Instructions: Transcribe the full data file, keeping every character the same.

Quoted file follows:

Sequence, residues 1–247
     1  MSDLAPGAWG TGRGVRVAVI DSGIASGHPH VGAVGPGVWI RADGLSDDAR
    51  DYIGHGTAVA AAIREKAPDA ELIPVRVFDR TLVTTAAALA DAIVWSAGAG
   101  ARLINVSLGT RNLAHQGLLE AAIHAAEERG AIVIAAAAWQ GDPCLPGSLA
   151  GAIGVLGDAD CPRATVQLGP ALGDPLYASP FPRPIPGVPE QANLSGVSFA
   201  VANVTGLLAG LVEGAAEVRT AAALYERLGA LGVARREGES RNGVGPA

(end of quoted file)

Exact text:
Sequence, residues 1–247
     1  MSDLAPGAWG TGRGVRVAVI DSGIASGHPH VGAVGPGVWI RADGLSDDAR
    51  DYIGHGTAVA AAIREKAPDA ELIPVRVFDR TLVTTAAALA DAIVWSAGAG
   101  ARLINVSLGT RNLAHQGLLE AAIHAAEERG AIVIAAAAWQ GDPCLPGSLA
   151  GAIGVLGDAD CPRATVQLGP ALGDPLYASP FPRPIPGVPE QANLSGVSFA
   201  VANVTGLLAG LVEGAAEVRT AAALYERLGA LGVARREGES RNGVGPA